Capgemini has established a dedicated lab and a team of quantum technology professionals from across the world to create skills and organize research facilities focused on quantum technology progress and exploration. The effort comprises a cooperation with IBM to help customers create and maximize their engagements in the areas of Quantum Computing, in addition to Capgemini’s work on Quantum Communications and Quantum Sensing.
To leverage the promise of quantum technologies, Capgemini’s Quantum Lab (Q-Lab) consists of quantum technology specialists and highly specialized facilities in the United Kingdom, Portugal, and India. The Q-Lab at Capgemini will coordinate research initiatives to generate business-driven client proposals for the industries most likely to profit from quantum technologies in the medium term, such as life sciences, finance, automotive, and aerospace. It would also help speed the development of in-house skills and capabilities at Capgemini by driving early experimentation with clients on their quantum journeys.
This effort draws on the expertise of Capgemini’s specialized technical teams, who have already developed quantum scientific and technological capabilities via early experimentation and incubation with customers.
“Quantum technology will disrupt the way we compute, sense, and communicate, and will create new industries and business models along the way,” said Pascal Brier, Chief Innovation Officer at Capgemini and member of the Group Executive Committee. “The launch of our Q-lab tangibly demonstrates our ambition to bring to our clients the most innovative, breakthrough solutions, and to invest in capabilities early on so we can become the leading quantum systems integrator. Our collaboration with IBM will enable us to explore the vast potential of quantum computing, bringing to our clients the top capabilities and skills available in the market today and tomorrow.”
IBM Quantum Hub
Capgemini has also signed an agreement with to become an IBM Quantum Hub, giving its clients access to IBM’s quantum computing systems, including the recently announced 127 qubit processor dubbed ‘Eagle,’ as well as IBM’s quantum expertise and Qiskit, IBM’s open-source quantum information software development kit.
Capgemini joins more than 170 IBM Quantum Network members, which include Fortune 500 corporations, start-ups, academic institutions, and research laboratories, all collaborating to enhance quantum computing and explore practical applications, by partnering with IBM.
The IBM Quantum team and clients are working together to investigate and explore how quantum computing might benefit a range of sectors and disciplines, including finance, energy, chemistry, materials science, optimization, and machine learning, among others. Capgemini will make it easier for clients to access IBM’s licensed technology and provide professional services for end-to-end deployment as part of this partnership. Its goal is to show the potential benefit of utilizing quantum technology to solve previously intractable business challenges for customers via prototypes and proofs of ideas, leading to the deployment of quantum computing use cases.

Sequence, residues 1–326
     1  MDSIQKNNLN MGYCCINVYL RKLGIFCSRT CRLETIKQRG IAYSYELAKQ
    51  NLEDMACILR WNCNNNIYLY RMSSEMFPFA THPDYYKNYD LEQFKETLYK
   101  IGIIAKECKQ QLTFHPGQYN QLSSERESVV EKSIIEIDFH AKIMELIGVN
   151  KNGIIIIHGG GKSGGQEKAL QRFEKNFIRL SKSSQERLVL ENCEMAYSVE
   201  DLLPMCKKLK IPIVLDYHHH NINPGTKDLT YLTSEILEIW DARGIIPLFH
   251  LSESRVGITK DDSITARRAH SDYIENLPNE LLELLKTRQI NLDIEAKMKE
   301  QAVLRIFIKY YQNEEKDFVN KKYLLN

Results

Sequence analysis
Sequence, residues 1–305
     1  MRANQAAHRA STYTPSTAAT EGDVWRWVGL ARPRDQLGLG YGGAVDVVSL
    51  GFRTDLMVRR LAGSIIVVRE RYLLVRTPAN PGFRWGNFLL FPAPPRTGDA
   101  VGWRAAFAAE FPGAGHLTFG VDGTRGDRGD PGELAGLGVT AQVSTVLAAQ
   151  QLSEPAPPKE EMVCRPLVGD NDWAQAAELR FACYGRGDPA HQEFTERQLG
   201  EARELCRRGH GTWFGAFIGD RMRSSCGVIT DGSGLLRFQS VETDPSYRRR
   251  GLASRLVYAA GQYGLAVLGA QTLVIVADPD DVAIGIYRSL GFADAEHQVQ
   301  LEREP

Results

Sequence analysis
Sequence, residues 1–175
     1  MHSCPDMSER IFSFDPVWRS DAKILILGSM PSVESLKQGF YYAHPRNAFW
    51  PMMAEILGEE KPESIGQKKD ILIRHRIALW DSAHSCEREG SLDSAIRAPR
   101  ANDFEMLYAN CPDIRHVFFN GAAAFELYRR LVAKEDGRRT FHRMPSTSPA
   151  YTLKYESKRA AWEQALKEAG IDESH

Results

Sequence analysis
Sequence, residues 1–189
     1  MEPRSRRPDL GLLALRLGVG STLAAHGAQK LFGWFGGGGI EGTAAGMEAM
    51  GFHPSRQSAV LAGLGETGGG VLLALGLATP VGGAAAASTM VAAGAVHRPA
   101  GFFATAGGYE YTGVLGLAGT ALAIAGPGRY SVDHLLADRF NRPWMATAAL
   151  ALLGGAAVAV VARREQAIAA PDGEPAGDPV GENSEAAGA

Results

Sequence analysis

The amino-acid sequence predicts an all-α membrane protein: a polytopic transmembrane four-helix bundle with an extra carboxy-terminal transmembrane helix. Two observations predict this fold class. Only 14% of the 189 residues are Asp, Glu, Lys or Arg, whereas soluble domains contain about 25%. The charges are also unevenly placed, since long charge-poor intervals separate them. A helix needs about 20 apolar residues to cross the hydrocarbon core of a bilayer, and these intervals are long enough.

“Establishing a quantum industry will require a deep focus on expanding the quantum computing ecosystem across public and private sectors – something IBM cannot do alone,” said Jay Gambetta, IBM Fellow and VP, Quantum Computing at IBM. “By working with Capgemini, clients have even more options for hands-on expertise to develop proofs of concepts to explore the potential of quantum computing across a variety of industries and disciplines.”
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Capgemini’s Q-lab will focus on three areas of value creation for customers:
- Quantum computing is the application of quantum characteristics to computation. Problems requiring complicated optimization, simulation, or machine learning are the most common application areas. Companies that rely on high-performance computing, such as molecular design in life sciences, fluid dynamics in aerospace, and stochastic financial models, would be the first to gain.
- Quantum communications entails transferring and manipulating data using quantum mechanics principles. Quantum-secure communications have the potential to make a huge influence on research, industry, and data security. It also aims to give clients access to the new world of possibilities opened up by quantum technology, particularly in terms of secure computing, data storage, and sharing.
- The measurement of quantum states, which are particularly sensitive to perturbation, is referred to as quantum sensing. Quantum sensing is at the heart of advancements in medical diagnostics, autonomous transportation, and intelligent enterprises. It can aid in the exact measurement of electric and magnetic fields, the comparison of physical quantities to atomic characteristics, and the use of quantum entanglement to increase sensitivity and precision.
Capgemini has been helping its customers become quantum ready through consultancy, strategic, engineering, and algorithmic development solutions, utilizing its Applied Innovation Exchange network, engineering teams, ecosystem alliance partners, and peer network. The German Federal Office for Information Security recently tasked the Group, in collaboration with Fraunhofer IAIS, to lead a study in Quantum Machine Learning for IT security.
Capgemini is a part of IBM’s partner ecosystem, which enables all sorts of partners to help customers manage and modernize workloads, whether they build on, service, or resell IBM hybrid cloud and AI technologies.